Azly Rahman | Mar 3, 08
During presidential elections in the United States, it has become customary for the main candidates (almost always the candidates of the two main parties, currently the Democratic Party and the Republican Party) to engage in a debate. The topics discussed in the debate are often the most controversial issues of the time, and some have said that elections can be won or lost based on these debates….Presidential debates are held late in the election cycle, after the political parties have nominated their candidates. The candidates meet in a large hall, often at a university, before an audience of citizens. The formats of the debates have varied, with questions sometimes posed from one or more journalist moderators and in other cases members of the audience – from Wikipedia
Malaysia’s government has rejected an Islamic opposition party’s challenge to hold an American-style public debate between their leaders ahead of the March 8 general election, news reports said on Sunday. PAS president Abdul Hadi Awang recently dared Prime Minister Abdullah Ahmad Badawi to hold a televised debate similar to those held by US presidential candidates…But the Sunday Star newspaper quoted Trade Minister Rafidah Aziz as saying there was no place for such debates in Malaysia.. “We don’t follow the American system in our country. We (the country’s leaders) should be debating with villagers or town folks concerning local issues affecting them,” she said in the report. – from Malaysia Today, March 1, 2008
What is the problem of having televised debates? I do not see any. The politicians for the ruling party and the aspiring parties are intelligent enough to hold debates for the benefit of the people who are also getting more intelligent. We have been independent for 50 years. We are no longer colonised by the British “bloodsuckers” who wanted us to become merely tools of their Empire. We cannot say that we are still not ready.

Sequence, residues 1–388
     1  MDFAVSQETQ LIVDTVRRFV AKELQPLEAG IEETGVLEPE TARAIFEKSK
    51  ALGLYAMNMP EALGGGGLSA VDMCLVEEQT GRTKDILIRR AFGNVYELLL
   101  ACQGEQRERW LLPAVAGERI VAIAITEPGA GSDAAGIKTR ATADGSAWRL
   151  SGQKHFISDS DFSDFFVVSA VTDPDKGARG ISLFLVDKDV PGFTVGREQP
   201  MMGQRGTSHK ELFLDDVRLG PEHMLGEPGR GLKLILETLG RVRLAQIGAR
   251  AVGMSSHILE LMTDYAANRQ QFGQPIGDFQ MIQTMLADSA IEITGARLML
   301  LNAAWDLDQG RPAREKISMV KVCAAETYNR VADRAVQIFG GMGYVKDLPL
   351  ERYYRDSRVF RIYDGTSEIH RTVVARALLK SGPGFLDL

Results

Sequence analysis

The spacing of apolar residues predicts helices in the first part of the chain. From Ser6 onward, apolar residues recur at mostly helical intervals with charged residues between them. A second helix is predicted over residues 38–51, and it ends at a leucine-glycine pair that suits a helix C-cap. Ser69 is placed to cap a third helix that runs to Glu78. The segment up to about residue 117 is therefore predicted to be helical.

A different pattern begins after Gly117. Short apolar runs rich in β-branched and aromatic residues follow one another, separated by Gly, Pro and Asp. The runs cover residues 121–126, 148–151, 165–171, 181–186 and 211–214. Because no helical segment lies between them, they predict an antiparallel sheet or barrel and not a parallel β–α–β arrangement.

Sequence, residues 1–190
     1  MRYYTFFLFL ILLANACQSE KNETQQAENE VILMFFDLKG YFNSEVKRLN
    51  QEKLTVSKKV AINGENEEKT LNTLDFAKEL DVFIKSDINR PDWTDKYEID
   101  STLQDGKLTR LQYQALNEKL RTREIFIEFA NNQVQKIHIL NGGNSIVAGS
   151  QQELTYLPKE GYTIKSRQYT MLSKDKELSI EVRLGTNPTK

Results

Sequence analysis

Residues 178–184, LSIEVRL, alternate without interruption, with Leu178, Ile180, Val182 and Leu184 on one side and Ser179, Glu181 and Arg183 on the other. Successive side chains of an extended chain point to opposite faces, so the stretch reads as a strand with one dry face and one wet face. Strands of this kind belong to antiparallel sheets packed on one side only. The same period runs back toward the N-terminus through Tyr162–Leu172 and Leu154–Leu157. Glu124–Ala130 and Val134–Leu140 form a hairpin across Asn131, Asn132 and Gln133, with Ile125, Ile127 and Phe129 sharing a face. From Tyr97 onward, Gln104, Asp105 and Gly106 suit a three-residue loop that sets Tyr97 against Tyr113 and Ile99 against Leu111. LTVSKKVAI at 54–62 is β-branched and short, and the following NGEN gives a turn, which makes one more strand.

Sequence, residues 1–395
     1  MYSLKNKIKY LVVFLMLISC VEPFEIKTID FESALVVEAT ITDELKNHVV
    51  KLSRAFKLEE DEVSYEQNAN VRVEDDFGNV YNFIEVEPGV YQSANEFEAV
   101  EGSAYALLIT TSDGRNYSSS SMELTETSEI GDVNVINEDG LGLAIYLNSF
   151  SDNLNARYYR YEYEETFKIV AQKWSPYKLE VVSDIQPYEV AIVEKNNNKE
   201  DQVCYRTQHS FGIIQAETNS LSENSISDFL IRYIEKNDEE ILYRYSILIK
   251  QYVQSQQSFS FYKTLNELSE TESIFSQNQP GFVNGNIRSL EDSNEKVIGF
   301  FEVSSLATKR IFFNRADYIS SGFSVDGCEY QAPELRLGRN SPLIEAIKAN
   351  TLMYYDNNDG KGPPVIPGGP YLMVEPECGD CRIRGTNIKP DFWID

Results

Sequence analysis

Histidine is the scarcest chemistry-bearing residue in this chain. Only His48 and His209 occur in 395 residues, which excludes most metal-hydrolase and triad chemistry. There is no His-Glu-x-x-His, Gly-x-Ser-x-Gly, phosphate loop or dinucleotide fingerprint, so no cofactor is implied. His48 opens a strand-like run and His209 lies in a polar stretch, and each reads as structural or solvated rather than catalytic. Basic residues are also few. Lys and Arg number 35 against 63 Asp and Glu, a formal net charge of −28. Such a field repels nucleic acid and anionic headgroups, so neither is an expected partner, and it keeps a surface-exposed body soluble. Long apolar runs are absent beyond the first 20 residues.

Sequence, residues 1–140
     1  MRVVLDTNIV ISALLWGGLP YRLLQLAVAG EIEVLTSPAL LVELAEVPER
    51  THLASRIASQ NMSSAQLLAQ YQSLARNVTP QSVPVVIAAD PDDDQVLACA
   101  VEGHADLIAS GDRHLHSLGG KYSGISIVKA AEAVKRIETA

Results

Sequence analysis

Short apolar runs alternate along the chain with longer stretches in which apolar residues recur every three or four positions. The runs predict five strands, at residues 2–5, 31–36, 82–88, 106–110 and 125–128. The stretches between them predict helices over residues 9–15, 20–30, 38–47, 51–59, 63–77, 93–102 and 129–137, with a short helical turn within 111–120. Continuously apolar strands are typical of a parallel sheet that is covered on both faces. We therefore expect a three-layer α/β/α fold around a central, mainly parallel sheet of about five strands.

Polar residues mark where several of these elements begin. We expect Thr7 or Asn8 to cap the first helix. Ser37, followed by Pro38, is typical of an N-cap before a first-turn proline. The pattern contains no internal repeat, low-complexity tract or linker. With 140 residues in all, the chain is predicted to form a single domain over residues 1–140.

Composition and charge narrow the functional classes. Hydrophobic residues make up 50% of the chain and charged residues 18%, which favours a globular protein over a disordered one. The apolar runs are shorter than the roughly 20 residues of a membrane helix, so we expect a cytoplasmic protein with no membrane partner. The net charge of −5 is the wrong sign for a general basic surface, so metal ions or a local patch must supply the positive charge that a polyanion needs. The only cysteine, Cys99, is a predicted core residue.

Our politicians are mainly university graduates; some form Oxford, Cambridge, some form Harvard and Columbia, some from Monash and Australian National University, some from top universities in Asia such as University of Malaya. There is no reason why they cannot show the public that they can debate on critical issues facing the nation.
We are having an elections at the time when America is having hers too. We should take this opportunity to emulate what is good from the world’s most advanced liberal democracy. We must learn how they debate on election issues. It will be an exciting and education moment not only for the candidates but also for the nation.
I think the politicians and the people they want votes form are ready to listen to the pros and cons of arguments on the elections, I think we are even ready to talk about sensitive issues – on rights and responsibilities as citizens. Those who say we are not ready to debate are the ones not ready to debate. They are imposing their fear and ignorance on others.
In debates, not just charisma will be a plus, but wit, intelligence, and good arguments that appeal to the audience count as well. Candidates will be given the chance to be scrutinized on all these qualities. My view is that if a candidate is ready to be nominated, he/she is ready to make a stand on issues and articulate them to the constituents. Only then we will know how to differentiate between street politicians and budding statesmen.